The Problem of Positive and Destructive Freedom: The Interpretation of the Arkady Svidrigailov Image

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This article examines the problem of the relationship between freedom and self-will on the example of one of the heroes of Dostoevsky’s novel Crime and Punishment . Attention is focused not only on the canonical text of the novel, but also on the preparatory materials for it. The task is to identify the connection between the above named problem and the suicide problem of Arkady Ivanovich Svidrigailov. The thesis is put forward that for Dostoevsky’s heroes, self-will often becomes a fetter for their own nature and their own passions. With the help of debauchery, Svidrigailov tries to assert himself, giving his soul to the mercy of willfulness. There is a certain pattern in the fact that such a worldview logical chain ends with the tragic act of suicide. Arkady Ivanovich adores comfort, and therefore, in accordance with his own logic, his murder by Dunya, which did not happen, can be considered, among other things, as an attempt of a comfortable method of suicide. In the preparatory materials for the novel, Svidrigailov protests against cowardly meanness and puts suicide above such a humiliating state, although he understands the entire flaw in such a situation. For all the complexities the problem of freedom and self-will - one of the leitmotifs of religious and philosophical themes in the writer’s work - Dostoevsky does not see its formal, external solution.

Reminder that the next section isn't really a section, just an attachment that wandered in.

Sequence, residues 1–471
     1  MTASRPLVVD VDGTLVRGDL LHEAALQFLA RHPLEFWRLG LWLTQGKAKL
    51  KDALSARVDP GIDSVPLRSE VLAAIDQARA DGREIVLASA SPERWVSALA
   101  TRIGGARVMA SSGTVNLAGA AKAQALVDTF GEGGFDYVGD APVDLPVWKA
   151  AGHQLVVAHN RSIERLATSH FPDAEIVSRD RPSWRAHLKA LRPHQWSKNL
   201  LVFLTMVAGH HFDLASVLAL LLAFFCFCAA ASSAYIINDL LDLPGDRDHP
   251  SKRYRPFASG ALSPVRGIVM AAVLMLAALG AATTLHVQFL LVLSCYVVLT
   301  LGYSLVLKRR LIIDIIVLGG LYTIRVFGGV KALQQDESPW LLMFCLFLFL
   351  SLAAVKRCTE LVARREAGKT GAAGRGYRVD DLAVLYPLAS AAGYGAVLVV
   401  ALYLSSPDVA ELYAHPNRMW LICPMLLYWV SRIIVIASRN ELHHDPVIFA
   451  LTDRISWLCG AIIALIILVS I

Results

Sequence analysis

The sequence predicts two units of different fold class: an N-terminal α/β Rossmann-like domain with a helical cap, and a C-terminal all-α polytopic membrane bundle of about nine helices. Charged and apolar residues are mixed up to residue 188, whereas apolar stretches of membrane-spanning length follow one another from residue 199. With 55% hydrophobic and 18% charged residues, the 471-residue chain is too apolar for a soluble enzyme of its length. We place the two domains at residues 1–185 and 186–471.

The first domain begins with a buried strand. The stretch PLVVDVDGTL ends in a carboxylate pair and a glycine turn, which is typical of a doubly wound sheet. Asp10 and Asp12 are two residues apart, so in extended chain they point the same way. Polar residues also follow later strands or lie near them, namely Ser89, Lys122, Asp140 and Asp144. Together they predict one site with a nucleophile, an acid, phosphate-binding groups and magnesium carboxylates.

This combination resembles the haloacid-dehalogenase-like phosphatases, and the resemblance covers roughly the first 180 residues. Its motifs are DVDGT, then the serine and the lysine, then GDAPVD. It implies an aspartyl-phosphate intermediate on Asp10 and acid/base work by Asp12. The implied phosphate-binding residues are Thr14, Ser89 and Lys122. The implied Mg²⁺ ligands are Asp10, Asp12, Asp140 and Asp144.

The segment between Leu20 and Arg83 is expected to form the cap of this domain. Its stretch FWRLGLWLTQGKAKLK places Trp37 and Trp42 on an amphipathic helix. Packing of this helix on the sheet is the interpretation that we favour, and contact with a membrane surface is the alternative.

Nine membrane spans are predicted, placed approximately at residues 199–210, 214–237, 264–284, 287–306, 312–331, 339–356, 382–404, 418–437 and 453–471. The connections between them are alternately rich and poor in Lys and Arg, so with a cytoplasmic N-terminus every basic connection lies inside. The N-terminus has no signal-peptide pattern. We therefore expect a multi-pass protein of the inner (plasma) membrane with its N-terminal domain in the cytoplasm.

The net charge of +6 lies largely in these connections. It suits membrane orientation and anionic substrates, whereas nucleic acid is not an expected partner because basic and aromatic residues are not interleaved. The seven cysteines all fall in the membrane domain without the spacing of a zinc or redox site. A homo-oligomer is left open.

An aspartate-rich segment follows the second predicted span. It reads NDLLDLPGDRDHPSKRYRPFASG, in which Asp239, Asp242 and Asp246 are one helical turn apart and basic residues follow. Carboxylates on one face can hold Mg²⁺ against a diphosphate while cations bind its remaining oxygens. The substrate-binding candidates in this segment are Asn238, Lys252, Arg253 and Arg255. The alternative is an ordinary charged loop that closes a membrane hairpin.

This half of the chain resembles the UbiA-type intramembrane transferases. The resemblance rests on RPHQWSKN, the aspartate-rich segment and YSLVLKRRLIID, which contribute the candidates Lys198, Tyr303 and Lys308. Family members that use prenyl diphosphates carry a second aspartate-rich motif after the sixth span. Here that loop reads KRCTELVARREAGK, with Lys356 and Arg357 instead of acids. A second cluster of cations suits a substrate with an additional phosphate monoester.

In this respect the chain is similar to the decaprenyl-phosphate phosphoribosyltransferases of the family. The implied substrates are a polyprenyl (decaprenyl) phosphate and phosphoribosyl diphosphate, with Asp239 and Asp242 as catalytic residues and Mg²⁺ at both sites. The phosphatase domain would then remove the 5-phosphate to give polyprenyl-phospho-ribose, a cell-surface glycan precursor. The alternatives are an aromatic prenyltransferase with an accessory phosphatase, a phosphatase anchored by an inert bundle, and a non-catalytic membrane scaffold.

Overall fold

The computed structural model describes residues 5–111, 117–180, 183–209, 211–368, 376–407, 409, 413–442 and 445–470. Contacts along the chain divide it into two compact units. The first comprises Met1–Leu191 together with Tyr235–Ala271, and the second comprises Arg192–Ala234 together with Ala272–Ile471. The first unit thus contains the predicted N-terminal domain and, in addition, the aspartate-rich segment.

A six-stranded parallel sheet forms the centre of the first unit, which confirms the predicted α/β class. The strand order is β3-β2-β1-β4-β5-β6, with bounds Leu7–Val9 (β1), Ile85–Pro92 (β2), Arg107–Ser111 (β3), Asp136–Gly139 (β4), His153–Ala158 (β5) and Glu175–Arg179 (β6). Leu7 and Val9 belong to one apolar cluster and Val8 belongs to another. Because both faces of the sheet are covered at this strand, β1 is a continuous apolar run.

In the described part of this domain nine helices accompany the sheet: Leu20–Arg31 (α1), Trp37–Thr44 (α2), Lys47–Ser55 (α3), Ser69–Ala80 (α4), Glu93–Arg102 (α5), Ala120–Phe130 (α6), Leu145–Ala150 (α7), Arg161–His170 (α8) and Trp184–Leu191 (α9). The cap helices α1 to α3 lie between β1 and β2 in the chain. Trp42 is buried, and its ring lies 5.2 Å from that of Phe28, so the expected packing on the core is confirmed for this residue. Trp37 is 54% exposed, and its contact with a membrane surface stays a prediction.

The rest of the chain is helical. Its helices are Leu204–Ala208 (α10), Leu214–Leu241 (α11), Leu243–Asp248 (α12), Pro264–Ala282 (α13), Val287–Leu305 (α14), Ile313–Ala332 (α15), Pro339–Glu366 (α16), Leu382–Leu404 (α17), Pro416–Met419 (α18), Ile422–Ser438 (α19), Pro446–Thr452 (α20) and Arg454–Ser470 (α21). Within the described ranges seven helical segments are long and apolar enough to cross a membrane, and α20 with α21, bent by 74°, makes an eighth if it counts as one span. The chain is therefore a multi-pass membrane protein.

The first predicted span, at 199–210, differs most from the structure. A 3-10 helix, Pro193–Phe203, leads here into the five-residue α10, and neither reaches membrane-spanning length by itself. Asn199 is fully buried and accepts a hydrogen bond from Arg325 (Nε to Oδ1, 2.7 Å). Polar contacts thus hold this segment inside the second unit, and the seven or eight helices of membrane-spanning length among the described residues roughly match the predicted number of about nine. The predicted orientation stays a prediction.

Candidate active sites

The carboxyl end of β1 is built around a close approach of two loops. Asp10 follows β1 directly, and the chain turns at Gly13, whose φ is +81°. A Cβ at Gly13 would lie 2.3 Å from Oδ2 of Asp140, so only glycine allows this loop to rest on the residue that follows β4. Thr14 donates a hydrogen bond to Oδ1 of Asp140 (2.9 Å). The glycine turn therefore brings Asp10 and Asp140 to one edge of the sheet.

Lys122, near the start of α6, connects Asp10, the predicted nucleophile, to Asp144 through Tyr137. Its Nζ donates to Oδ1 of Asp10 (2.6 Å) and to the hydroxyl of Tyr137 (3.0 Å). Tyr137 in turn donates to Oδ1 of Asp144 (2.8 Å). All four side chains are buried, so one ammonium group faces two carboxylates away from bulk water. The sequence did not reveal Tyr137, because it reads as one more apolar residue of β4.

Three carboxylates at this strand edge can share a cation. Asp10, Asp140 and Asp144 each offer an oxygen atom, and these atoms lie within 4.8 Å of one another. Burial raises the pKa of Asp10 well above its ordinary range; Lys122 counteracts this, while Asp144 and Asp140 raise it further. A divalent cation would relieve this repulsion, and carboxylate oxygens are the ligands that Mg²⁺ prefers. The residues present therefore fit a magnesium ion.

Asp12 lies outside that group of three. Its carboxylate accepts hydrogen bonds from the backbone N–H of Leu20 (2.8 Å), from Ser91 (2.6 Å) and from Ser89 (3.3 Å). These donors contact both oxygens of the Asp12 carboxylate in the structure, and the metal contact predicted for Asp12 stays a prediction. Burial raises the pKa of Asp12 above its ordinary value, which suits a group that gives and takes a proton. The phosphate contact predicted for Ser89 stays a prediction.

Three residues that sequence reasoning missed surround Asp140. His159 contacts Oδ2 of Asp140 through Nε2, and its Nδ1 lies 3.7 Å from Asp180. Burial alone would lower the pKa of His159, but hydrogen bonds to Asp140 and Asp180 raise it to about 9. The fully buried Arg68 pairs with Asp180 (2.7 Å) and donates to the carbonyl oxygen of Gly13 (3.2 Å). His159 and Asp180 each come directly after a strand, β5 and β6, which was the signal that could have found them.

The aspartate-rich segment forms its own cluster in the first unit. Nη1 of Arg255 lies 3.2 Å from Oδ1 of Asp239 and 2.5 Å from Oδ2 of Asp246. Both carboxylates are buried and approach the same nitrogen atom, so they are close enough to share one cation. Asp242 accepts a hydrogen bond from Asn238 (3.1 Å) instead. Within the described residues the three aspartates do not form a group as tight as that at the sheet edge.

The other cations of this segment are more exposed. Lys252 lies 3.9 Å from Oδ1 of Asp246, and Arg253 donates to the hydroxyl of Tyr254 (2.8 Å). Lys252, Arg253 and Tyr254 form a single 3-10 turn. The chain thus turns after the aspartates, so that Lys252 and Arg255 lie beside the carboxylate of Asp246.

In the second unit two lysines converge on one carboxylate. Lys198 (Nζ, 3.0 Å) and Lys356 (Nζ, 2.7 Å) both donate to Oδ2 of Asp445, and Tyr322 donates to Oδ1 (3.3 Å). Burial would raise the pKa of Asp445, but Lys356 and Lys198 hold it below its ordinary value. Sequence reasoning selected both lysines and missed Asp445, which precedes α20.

About the authors

Cheslav A. Gorbachevsky

South Ural State University

Author for correspondence.
ORCID iD: 0000-0002-9145-7721

Candidate of Philology, Associate Professor at the Department of Russian Language and Literature

76 Lenina St, Chelyabinsk, 454080, Russian Federation


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